Israel has called on the Vatican to issue a clearer condemnation of Hamas’ “terrorist acts,” according to a press release from Israel’s Ministry of Foreign Affairs.
Comments from Pope Francis and other Vatican officials in the aftermath of Hamas’ Oct. 7 attack on Israel have called for peace in the region while condemning violence against civilians on both sides. In an interview with Vatican News on Oct. 13, Cardinal Pietro Parolin, the Vatican’s secretary of state, called Hamas’ attacks “inhuman” and said the Holy See expresses “complete and firm condemnation.”
Israeli Foreign Minister Eli Cohen spoke with the Holy See’s foreign minister, Archbishop Paul Gallagher, about the situation in Israel and Palestine on the evening of Oct. 15.
According to a statement issued after the talk, Cohen said Israel expects “the Holy See to issue an unequivocal and clear condemnation of the murderous terrorist acts perpetrated by Hamas terrorists that caused grievous harm to children, women, and the elderly just because they are Jews and Israelis.”
“There is no room for unfounded comparisons,” he said. “Hamas, a terrorist organization worse than ISIS, infiltrated Israel with the intent of injuring innocent civilians, while Israel is a democracy trying to protect its citizens from Hamas.”
The foreign minister added that Israel is a democracy operating according to international law and will continue to do so while not hesitating to defend itself and its citizens.
“It is inconceivable,” Cohen said, “that an announcement essentially expressing concern for the residents of Gaza is issued at the same time Israel is burying 1,300 murdered citizens.”
“Israel is fighting a war that was imposed upon it and will continue to fight Hamas until it no longer poses a threat to the citizens of Israel. This is being done for the benefit of the entire world,” Cohen’s statement added.
Cohen’s statement does not refer to any specific statements from Vatican officials. The Times of Israel on Oct. 15 noted that the Vatican has had “a range of reactions” to Hamas’ attack. The Latin Patriarchate in Jerusalem, the outlet reported, issued a statement on Oct. 7 “as the fighting was still raging.”
“The operation launched from Gaza and the reaction of the Israeli Army are bringing us back to the worst period of our recent history. The too many casualties and tragedies, which both Palestinians and Israeli families have to deal with, will create more hatred and division, and will destroy more and more any perspective of stability,” read the patriarch’s statement.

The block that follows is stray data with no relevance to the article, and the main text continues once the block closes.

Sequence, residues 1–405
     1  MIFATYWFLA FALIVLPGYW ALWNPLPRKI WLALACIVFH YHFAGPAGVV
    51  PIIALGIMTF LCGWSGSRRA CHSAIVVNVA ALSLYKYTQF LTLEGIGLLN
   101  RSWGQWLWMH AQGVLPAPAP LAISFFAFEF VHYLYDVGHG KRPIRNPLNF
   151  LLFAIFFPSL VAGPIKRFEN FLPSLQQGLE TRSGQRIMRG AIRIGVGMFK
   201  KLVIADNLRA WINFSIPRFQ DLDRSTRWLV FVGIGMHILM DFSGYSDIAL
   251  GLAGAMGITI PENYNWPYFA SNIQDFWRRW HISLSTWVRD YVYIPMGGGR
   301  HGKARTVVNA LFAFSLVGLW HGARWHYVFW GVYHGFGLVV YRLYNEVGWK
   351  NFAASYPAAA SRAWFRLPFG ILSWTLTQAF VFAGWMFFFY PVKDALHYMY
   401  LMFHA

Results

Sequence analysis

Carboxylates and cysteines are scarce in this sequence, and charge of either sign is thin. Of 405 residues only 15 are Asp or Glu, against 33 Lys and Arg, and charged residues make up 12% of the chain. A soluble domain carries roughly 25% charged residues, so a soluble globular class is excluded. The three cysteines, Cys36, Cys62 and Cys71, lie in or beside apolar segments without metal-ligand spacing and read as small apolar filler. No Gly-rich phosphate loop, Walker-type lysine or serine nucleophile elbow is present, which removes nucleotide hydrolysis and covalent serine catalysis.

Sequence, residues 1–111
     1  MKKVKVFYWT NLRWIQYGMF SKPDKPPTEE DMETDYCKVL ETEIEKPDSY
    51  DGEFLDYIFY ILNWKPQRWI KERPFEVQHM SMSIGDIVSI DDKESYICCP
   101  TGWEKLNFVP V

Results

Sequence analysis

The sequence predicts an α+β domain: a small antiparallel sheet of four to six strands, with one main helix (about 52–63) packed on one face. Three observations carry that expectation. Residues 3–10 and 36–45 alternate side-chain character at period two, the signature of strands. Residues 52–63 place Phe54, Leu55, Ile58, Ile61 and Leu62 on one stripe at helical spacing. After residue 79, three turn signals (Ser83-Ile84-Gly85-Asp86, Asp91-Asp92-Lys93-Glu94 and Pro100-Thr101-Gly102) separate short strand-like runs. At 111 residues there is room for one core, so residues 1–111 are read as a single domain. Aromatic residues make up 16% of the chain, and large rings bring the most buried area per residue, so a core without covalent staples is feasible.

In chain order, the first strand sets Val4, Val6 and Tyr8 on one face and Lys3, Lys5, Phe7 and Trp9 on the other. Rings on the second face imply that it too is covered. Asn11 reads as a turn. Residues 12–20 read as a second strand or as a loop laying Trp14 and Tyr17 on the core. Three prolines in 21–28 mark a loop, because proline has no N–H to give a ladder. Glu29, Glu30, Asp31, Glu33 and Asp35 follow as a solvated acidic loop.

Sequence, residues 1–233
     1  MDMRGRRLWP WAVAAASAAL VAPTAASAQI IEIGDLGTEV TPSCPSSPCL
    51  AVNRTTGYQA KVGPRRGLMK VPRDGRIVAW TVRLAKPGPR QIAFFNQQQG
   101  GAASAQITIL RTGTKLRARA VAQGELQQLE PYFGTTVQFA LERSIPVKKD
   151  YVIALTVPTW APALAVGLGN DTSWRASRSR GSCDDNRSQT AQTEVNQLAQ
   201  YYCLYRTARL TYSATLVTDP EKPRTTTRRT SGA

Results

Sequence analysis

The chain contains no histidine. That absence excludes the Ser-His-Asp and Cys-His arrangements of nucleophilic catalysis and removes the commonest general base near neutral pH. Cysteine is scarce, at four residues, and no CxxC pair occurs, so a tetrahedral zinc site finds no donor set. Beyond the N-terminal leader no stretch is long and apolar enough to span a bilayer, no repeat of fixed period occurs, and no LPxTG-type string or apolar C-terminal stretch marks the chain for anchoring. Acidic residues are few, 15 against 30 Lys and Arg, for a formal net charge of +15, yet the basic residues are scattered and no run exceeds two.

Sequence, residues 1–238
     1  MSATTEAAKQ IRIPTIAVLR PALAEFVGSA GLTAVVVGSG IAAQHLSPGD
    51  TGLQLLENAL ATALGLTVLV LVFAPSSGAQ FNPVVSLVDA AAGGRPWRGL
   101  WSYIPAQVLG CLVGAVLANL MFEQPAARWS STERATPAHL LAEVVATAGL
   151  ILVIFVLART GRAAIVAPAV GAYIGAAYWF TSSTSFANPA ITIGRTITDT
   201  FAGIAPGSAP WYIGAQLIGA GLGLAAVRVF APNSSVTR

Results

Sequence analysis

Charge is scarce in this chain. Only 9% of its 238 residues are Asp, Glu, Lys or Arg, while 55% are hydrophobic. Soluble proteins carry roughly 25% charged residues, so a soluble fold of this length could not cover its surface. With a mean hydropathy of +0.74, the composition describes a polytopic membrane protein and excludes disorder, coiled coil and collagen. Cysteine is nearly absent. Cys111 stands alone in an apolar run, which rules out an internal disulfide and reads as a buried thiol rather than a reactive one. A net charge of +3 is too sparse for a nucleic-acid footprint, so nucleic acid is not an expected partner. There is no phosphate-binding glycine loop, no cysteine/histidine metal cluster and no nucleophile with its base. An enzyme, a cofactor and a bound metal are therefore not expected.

“We call on the international community, the religious leaders in the region and in the world, to make every effort in helping to de-escalate the situation, restore calm, and work to guarantee the fundamental rights of people in the region,” the patriarchate said.
Pope Francis first addressed the situation in Israel and Palestine on Oct. 8.
In an appeal at the end of his Sunday Angelus address, Pope Francis said “terrorism and war do not bring any solution, but only death and suffering for many innocent people. War is a failure. Every war is a failure.”
After the Angelus on Oct. 15, he repeated his plea for an end to violence.
“I continue to follow with great sorrow what is happening in Israel and Palestine,” the pope said. “I think again of the many … in particular of the children and the elderly. I renew my appeal for the freeing of the hostages and I strongly ask that children, the sick, the elderly, women, and all civilians not be made victims of the conflict.”
The Holy Father also stressed the imperative of respecting international humanitarian law in Gaza “where it is urgent and necessary to ensure humanitarian corridors and to come to the aid of the entire population.”
He invited Christians to join the Church in the Holy Land in dedicating Oct. 17 to prayer and fasting for peace and led those present in St. Peter’s Square in praying a Hail Mary.
In his interview with Vatican News published Oct. 13, Cardinal Parolin also called for the release of hostages, echoing an Oct. 11 appeal by Pope Francis, and he said the Holy See stands ready to help mediate a peace agreement.
“It is necessary to regain a sense of reason, abandon the blind logic of hatred, and reject violence as a solution. It is the right of those who are attacked to defend themselves, but even legitimate defense must respect the parameter of proportionality,” the cardinal added.
“I do not know how much room for dialogue there can be between Israel and the Hamas militia, but if there is — and we hope there is — it should be pursued immediately and without delay. This is to avoid further bloodshed, as is happening in Gaza, where many innocent civilian victims have been caused by the Israeli army’s attacks.”
Speaking to thousands of people in St. Peter’s Square for his general audience Oct. 11, Pope Francis underlined that “terrorism and extremism do not help to reach a solution to the conflict between Israelis and Palestinians, but they fuel hatred, violence, revenge, and only make both suffer.”
By Hannah Brockhaus | catholicnewsagency